Cologne Seminars on Ageing "Molecular mechanisms controlling dopamine neuron biology in health and disease"

  • Date: Nov 29, 2023
  • Time: 01:00 PM - 02:00 PM (Local Time Germany)
  • Speaker: Helen Bateup
  • (USA)
  • Location: MPI for Biology of Ageing
  • Room: Auditorium
  • Host: Anne Schaefer (MPI AGE)
Cologne Seminars on Ageing "Molecular mechanisms controlling dopamine neuron biology in health and disease"

About Dr. Bateup’s talk:
Dopamine neurons represent a small fraction of neurons in the brain, yet they exert widespread influence over a variety of brain systems that control motor function, reward processing, motivation, and learning. Notably, dysfunction of dopamine neurons contributes to several neuropsychiatric and neurodegenerative disorders. In this talk, I will present our work investigating the molecular pathways that regulate dopaminergic function. In particular, I will discuss our findings showing that mTOR, a central regulator of cell growth and metabolism, is a key modulator of dopamine neuron structure and function. I will present data from mouse models demonstrating that balanced mTOR activity is critical for proper dopaminergic output, as suppression or overactivation of mTOR complex 1 (mTORC1) has detrimental effects on multiple aspects of dopamine neuron biology including axonal morphology, dopamine release, neuronal excitability, and translational control. In addition, I will discuss our ongoing collaborative work to investigate the pathways that contribute to dopamine neuron degeneration in the context of Parkinson’s disease, using functional genomics approaches in human midbrain organoids.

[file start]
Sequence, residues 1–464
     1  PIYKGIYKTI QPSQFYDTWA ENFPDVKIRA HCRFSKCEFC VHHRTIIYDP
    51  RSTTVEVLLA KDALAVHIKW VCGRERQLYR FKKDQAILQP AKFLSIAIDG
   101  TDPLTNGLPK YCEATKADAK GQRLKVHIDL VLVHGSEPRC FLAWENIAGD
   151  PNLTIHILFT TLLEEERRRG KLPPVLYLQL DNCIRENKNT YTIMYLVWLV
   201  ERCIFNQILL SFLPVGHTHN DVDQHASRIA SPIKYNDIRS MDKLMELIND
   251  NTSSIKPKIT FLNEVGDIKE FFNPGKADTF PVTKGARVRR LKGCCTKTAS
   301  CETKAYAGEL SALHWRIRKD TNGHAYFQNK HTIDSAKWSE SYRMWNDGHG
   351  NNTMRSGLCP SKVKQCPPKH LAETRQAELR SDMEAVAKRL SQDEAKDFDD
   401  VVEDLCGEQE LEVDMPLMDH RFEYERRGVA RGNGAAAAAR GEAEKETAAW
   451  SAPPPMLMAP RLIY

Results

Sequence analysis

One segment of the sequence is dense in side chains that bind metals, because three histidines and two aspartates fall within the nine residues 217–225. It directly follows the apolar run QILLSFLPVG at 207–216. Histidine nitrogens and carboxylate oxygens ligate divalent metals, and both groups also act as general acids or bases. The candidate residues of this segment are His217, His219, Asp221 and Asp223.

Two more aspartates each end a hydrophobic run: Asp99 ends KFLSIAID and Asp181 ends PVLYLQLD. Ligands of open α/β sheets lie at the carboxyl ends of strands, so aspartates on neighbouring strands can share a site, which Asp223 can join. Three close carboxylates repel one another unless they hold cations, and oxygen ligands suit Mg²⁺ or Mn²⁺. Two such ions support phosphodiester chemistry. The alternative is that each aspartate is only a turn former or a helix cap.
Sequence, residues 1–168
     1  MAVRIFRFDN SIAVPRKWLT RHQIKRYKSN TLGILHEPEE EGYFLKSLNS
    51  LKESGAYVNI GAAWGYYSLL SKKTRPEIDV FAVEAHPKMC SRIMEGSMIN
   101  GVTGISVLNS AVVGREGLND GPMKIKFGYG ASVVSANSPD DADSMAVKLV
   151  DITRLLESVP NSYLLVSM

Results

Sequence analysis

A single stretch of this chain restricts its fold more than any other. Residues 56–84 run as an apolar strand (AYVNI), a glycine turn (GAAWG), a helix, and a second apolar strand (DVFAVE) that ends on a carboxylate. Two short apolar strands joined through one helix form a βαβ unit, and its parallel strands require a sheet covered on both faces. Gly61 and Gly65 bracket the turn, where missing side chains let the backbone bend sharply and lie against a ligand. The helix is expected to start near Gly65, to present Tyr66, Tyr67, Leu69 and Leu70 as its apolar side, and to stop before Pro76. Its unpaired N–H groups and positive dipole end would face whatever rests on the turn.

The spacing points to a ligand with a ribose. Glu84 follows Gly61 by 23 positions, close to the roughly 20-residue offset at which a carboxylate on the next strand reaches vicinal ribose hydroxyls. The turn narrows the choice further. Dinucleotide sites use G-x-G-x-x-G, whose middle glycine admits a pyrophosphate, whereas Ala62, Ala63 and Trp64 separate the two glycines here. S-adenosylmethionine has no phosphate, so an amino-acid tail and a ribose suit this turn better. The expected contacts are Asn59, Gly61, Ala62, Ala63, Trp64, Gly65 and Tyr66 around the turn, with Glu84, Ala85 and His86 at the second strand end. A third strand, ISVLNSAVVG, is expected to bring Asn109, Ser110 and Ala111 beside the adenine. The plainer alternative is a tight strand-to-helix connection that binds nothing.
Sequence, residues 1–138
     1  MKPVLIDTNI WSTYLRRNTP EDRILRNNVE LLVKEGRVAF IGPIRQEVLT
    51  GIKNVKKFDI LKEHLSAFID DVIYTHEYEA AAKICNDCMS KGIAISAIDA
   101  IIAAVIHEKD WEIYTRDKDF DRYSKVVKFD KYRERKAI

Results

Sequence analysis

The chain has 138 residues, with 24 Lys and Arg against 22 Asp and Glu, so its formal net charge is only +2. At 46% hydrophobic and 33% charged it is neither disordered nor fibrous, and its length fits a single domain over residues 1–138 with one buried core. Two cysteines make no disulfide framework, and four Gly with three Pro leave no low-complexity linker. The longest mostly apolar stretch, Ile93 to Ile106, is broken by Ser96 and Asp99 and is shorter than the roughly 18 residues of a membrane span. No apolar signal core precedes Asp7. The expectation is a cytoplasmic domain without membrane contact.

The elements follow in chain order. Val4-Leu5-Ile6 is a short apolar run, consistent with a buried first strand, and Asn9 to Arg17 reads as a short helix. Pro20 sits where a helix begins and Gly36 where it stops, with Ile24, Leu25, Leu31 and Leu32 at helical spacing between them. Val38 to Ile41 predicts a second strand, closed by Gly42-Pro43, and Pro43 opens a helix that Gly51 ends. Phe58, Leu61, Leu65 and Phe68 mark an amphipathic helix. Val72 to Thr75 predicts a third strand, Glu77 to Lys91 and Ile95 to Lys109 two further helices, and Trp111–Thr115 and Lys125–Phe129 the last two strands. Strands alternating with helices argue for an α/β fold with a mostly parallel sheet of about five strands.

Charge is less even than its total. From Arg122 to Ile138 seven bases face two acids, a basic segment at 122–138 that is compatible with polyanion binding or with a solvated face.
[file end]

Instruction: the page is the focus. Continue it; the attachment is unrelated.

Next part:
Scientific background and research interests
Dr. Bateup graduated from The Rockefeller University in 2008 where she completed a PhD thesis with Dr. Paul Greengard. For her doctoral work she generated genetic mouse models to determine the cell type-specific consequences of dopamine signaling on striatal behaviors. From there she joined Dr. Bernardo Sabatini’s lab as a post-doctoral fellow at Harvard Medical School to study how alterations in mTOR signaling affect synaptic function and excitatory/inhibitory balance in the hippocampus. In 2013 Dr. Bateup started her lab at the University of California, Berkeley in the Department of Molecular and Cell Biology where she is a member of the Helen Wills Neuroscience Institute. In 2019 Dr. Bateup was named a Chan Zuckerberg Biohub Investigator and in 2020 Dr. Bateup was promoted to Associate Professor with tenure.

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